The White Sox are three games up with 77 to go. For a team with a front office that’s usually shaded toward hyper-aggressive, the BP-calculated 79.9% chance that the Sox make the playoffs goes beyond being merely ‘enticing’, to being something has admitted feeling a moral obligation to chase.
While a chance at the playoffs pushes everything else to the backburner, the Sox did enter the season with some focus on objectives like reducing payroll obligations, building up the minor league system to some degree, and giving more thought to a sustainable future. How much of that remains a goal for the rest of this year?
Rebuilding while competing might have been the goal coming in, but the composition of the team would suggest a more go-for-broke response. 31 year-old Alex Rios is the youngest member of spots #2-#6 of the White Sox batting order. Costly option years loom for Kevin Youkilis, Gavin Floyd, and Jake Peavy, while A.J. Pierzynski is preparing to be a 36 year-old free agent catcher. Phillies fans think your notions of the competitive window being open past this season are quaint.
Contemplating the White Sox pursuing the AL Central title with less than full gusto is about as fun as, say, watching Sunday’s game started by Dylan Axelrod, but being in the nascent stages of building their organizational depth affects short-term moves as well.
1. The rookie bullpen is cute, but not necessarily good
The past week provided a good indication of the status quo for the pen until Crain returns–Addison Reed is the closer, Matt Thornton and Nate Jones are set-up men, and pretty much everyone else needs to be hidden.
Jesse Crain and the massive strikeout rate he was sporting makes that set-up look a lot better, but the pace of his rehab from a mysterious sore shoulder has been sluggish.
Since the Sox don’t need a “proven closer”, a reliable reliever to add to their late-inning depth is something they could easily afford even with their system. The futures of Eduardo Escobar, Jared Mitchell, or even Brent Morel probably only seem worth keeping to fans of an organization like this one.
2. The starting rotation has a hole
When Adam Dunn said that he and Alex Rios were the Sox two biggest off-season acquisitions, it sounded hokey and unconvincing. Now their performance is the fondation for the team’s success, and similar responses won’t be able to be properly skewered for years.
There will be no problems filling out a five-man rotation if John Danks recovers, and since he has a $65 million contract, he’ll get every opportunity to do that. You can find “White Sox” and “starting pitching” in the same sentence on MLB trade rumors, but they’re unlikely to have dismissed the in-house starting options by the end of the month.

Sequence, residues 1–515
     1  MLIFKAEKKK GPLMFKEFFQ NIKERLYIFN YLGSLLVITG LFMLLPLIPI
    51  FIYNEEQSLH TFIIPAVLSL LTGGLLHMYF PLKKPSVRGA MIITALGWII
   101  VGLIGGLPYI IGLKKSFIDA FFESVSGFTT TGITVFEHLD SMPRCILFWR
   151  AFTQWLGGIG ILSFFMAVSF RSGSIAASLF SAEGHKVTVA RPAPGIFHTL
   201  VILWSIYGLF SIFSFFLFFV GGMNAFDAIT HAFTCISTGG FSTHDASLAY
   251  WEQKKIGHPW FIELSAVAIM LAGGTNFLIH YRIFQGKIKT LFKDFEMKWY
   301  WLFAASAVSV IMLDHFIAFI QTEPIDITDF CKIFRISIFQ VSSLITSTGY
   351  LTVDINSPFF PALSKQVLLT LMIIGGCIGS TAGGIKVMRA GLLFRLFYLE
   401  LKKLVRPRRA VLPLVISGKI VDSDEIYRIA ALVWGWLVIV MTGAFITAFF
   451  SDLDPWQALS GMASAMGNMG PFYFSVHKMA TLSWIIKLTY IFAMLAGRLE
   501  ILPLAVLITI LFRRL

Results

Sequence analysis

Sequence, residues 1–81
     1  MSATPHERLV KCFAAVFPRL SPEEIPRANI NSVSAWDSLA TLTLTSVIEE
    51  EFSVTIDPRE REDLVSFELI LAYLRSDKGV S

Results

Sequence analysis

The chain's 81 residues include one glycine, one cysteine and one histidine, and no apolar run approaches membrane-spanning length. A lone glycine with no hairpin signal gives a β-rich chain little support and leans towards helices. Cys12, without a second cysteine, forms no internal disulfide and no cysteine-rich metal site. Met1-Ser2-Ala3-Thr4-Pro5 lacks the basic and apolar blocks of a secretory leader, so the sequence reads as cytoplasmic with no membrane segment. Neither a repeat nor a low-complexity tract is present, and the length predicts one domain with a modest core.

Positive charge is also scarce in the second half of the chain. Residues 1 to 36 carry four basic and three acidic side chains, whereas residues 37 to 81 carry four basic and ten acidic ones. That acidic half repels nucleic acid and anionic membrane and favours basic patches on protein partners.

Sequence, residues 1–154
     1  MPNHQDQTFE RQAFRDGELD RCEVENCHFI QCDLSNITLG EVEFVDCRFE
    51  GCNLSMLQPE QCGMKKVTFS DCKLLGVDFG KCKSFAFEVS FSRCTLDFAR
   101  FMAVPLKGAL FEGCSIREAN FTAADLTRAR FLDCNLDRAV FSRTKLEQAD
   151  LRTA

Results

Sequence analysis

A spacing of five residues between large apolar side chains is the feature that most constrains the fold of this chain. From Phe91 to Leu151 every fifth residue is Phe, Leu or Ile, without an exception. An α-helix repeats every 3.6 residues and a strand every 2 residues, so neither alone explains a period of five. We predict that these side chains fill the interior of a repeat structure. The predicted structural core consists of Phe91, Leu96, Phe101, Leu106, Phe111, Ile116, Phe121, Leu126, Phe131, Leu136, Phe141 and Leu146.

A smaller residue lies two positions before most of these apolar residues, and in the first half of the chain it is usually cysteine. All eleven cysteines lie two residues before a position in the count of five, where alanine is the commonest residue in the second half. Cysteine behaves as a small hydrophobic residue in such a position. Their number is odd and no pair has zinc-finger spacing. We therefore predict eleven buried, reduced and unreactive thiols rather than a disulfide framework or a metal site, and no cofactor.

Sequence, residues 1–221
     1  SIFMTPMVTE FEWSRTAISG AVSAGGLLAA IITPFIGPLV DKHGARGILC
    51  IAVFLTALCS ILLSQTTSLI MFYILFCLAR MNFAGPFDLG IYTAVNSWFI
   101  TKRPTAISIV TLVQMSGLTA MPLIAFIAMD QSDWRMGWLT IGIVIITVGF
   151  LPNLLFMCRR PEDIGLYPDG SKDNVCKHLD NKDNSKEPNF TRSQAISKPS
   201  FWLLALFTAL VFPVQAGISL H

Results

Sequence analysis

3. More offense?
The White Sox plugged one of the four softs spots in their batting order with Kevin Youkilis, but it’s doubtful they have much of a mind to act on the other three. Alexei Ramirez is heating up and has a big contract, Dayan Viciedo is still in his first full year starting, and hasn’t even been that bad (96 wRC+).
Gordon Beckham has been right decent since the start of May (.270/.303/.416) for a plus-defense second basemen, but is still pretty poor at getting on base and doesn’t project to get a whole lot better at it.
Getting a substantial upgrade on him means getting someone older, and twisting out a lot of their resources to do it. The White Sox should focus on their obvious holes. Third base was one of them, a bullpen with currently five rookies–of which only three at most are capable–is another.
4. Will that be enough?
With the most runs scored and least runs allowed in the division, the Sox certainly look like the real deal heading out of the break, but Detroit–and perhaps the Indians too–won’t take this indignity lying down. Both teams have been mentioned to be in pursuit of an impact starter, and Cleveland is even looking for bats at positions where they are easy to find–1st base and left field.
So it’s easy to say the Sox should play conservative now when they’re in the driver’s seat, but the landscape of the AL Central is always subject to change. The White Sox being where they are is all the proof of that you’ll ever need.